CMEP Bulletin: Settlers Leave Ulpana, Price Tag Attacks Continue
Settlers Leave Ulpana
On Thursday the Israeli government and settlers from the Ulpana neighborhood in the Beit El settlement came one step closer to concluding a five-year saga over the homes built on private Palestinian property. The Supreme Court of Israel rul ed in May that the government must remove five apartment buildings in Ulpana by July 1. The court’s decision put Prime Minister Netanyahu in a tough spot, between the rule of law and the elements of his coalition that oppose any settlement evictions. In the end Netanyahu told Knesset members, “Israel is a democracy that observes the law, and as prime minister I am obligated to preserve the law and preserve the settlements. And I say here that there is no contradiction between the two.” Seeking to reaffirm his settler credentials after deciding to evict the Ulpana residents, on June 6 his government announced 851 new homes in various West Bank settlements, including 300 units on other parts of Beit El.
This did not wholly convince the settlers to leave Ulpana. The government negotiated with the residents to leave peacefully for months in order to avoid a confrontation between the settlers and the Israeli army when the time came for them to leave. The residents finally accepted an offer to relocate, provided their homes are allowed to come with them. The Israeli government promised them that the five apartment buildings would be moved piece by piece over the next three months to another section of Beit El that is currently being used as an army base.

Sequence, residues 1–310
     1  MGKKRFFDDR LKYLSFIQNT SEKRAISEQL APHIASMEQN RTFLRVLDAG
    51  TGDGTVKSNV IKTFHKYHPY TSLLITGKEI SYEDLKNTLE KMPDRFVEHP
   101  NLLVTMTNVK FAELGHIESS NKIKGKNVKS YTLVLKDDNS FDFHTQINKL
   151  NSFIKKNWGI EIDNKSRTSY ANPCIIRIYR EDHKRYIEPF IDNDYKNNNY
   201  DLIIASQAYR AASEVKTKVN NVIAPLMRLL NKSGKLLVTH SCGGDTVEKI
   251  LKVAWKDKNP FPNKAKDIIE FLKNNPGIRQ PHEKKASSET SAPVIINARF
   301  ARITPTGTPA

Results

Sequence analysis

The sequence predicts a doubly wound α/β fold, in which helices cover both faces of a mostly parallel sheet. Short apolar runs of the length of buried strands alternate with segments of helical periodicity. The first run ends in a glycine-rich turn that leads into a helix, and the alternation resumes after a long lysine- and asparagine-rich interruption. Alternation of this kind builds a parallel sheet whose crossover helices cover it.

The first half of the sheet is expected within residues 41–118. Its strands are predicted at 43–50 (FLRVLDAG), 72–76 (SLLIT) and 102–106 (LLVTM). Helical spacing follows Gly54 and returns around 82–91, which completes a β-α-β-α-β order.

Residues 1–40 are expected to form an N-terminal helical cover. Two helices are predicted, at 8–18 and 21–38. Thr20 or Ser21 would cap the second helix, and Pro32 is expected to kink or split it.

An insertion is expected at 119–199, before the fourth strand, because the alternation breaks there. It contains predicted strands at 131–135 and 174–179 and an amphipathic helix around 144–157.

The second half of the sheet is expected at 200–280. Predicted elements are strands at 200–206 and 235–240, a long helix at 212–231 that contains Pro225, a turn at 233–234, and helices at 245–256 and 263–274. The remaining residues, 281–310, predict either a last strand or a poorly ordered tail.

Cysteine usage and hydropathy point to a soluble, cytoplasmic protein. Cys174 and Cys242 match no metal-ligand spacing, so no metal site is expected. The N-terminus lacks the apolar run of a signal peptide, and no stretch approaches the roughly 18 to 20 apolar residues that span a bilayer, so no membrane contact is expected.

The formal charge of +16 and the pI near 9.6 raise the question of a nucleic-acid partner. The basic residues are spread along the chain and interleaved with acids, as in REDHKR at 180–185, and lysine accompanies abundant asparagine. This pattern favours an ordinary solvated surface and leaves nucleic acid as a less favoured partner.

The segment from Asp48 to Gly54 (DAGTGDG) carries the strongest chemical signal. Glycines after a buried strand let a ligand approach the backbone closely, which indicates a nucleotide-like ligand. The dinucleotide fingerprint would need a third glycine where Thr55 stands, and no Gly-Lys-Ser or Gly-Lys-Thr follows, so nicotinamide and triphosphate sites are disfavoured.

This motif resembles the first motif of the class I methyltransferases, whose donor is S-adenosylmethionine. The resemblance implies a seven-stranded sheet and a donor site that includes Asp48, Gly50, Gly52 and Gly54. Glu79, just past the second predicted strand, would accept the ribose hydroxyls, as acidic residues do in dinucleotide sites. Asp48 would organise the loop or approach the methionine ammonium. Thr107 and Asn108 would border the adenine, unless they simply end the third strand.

On Wednesday, the Israeli border police showed up in Ulpana to ensure residents left their homes and help them move. Only one family initially refused to leave but the police “gently” carried out the father and the wife eventually left without a struggle. The biggest headaches came from the Hilltop Youth, a group of young and fierce settlement proponents. The youth took over an empty apartment, despite the effort made by Ulpana residents to stop them. The police eventually removed them, making six arrests.
Peace Now spokesman Ori Nir wrote, “the deal that was struck and the peaceful evacuation that followed show that this can be done: that Supreme Court orders can be carried out; that settlers can be moved from their homes without all hell breaking loose; that the Israel public cares very little about the troubles and tribulations of settlers who bought houses that were illegally constructed on land owned by Palestinians.”
The only remaining controversy is whether the state must remove the buildings by July 1. Netanyahu officials filed a motion with the Supreme Court on Wednesday to get an extension until November in order to relocate the apartments to the nearby land.
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